Hyraxes, also known as dassies or conies, are jack-rabbit sized animals with short tails and peculiar, 3-toed hind feet with almost hoof-like nails on two of the toes (the inner toe has a claw). The forefeet have 5 toes. The soles of their fore- and hindfeet, which are moistened by special sweat glands, are remarkably soft and elastic, which works to increase their friction against the substrate. They have specialized muscles in the soles of the feet that help them to work almost like a suction cup. The feet of hyraxes are mesaxonic, meaning that the plane of symmetry of the foot goes through the third digit. In this they resemble perissodactyls.

The skulls of hyraxes have a short rostrum, prominent postorbital processes that form a postorbital bar, small bullae, a large jugal that contributes to the glenoid fossa, and a broad plate-like angular region of the mandible. Hyraxes have a single incisor on each side of the upper jaw (two on the lower), followed by a diastema -- an arrangement that looks very rodent-like. Like those of rodents, the incisors of hyraxes grow continuously and have enamel only on the anterior surface, creating a self-sharpening, chisel-like cutting edge. The molars have strongly developed lophs, as is common in species with herbivorous diets. The dental formula is 1/2, 0/0, 4/4, 3/3 = 34.

Hyracoids are usually grouped with elephants and sirenians as "subungulates," and they all may have all descended from a common stock

The diet of hyraxes consists mostly of leaves, bark and grasses, but they also eat some insects. Some species are arboreal, while others live on rock outcrops. All are quick and agile climbers. They are active during daylight hours. Rock-dwelling species live in colonies; arboreal species tend to be solitary. All make a variety of whistles, chatters, and other sounds.

There is a single family of hyraxes, Procaviidae, and seven living species. Hyraxes are found in sub-Saharan Africa and Middle East.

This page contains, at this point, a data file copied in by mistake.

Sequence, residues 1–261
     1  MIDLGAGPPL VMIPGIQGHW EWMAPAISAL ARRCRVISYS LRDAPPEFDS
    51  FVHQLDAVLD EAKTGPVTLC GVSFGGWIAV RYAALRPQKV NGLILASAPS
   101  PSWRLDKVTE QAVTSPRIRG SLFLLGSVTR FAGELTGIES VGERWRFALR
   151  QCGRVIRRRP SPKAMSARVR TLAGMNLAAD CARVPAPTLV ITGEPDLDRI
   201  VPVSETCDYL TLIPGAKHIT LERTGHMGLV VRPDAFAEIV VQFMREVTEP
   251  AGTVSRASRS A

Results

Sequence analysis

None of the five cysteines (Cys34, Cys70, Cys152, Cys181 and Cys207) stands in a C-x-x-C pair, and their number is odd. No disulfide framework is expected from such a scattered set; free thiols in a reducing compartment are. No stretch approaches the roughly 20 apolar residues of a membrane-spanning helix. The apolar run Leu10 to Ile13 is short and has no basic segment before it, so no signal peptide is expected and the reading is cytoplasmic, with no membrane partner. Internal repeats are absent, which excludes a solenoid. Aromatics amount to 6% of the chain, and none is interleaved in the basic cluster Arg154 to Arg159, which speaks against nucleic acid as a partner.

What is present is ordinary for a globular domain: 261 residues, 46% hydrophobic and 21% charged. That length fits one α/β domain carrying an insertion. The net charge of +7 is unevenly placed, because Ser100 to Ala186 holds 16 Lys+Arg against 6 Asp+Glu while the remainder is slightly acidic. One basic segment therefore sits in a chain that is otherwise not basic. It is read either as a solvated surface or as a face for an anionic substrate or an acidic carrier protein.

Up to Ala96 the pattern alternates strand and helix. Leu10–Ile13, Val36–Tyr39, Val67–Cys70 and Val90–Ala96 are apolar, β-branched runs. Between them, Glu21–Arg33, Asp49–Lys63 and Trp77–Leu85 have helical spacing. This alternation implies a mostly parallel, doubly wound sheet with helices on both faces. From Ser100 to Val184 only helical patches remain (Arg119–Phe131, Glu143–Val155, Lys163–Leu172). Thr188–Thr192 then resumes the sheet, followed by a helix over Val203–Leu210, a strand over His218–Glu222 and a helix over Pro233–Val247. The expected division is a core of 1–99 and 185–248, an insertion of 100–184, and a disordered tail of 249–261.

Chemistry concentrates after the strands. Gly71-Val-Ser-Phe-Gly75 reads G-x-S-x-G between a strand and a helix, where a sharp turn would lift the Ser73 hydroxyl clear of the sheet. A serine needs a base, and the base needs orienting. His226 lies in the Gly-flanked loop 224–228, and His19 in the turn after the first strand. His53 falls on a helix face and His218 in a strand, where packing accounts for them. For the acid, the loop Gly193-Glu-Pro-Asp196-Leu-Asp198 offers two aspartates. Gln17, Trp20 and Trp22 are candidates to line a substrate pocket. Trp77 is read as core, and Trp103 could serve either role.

Technical characters

Literature and references cited

Feldhamer, G. A., L. C. Drickamer, S. H. Vessey, and J. F. Merritt. 1999. Mammalogy. Adaptation, Diversity, and Ecology. WCB McGraw-Hill, Boston. xii+563pp.

Jones, C. 1984. Tubulidentates, proboscideans, and hyracoideans. Pp. 523-535 in Anderson, S. and J. K. Jones, Jr. (eds). Orders and Families of Recent Mammals of the World. John Wiley and Sons, N.Y. xii+686 pp.

Vaughan, T. A. 1986. Mammalogy. Third Edition. Saunders College Publishing, Fort Worth. vii+576 pp.

Vaughan, T. A., J. M. Ryan, N. J. Czaplewski. 2000. Mammalogy. Fourth Edition. Saunders College Publishing, Philadelphia. vii+565pp.


Phil Myers (author), Museum of Zoology, University of Michigan-Ann Arbor.


bilateral symmetry

having body symmetry such that the animal can be divided in one plane into two mirror-image halves. Animals with bilateral symmetry have dorsal and ventral sides, as well as anterior and posterior ends. Synapomorphy of the Bilateria.


uses smells or other chemicals to communicate


animals that use metabolically generated heat to regulate body temperature independently of ambient temperature. Endothermy is a synapomorphy of the Mammalia, although it may have arisen in a (now extinct) synapsid ancestor; the fossil record does not distinguish these possibilities. Convergent in birds.


having the capacity to move from one place to another.


reproduction that includes combining the genetic contribution of two individuals, a male and a female


uses touch to communicate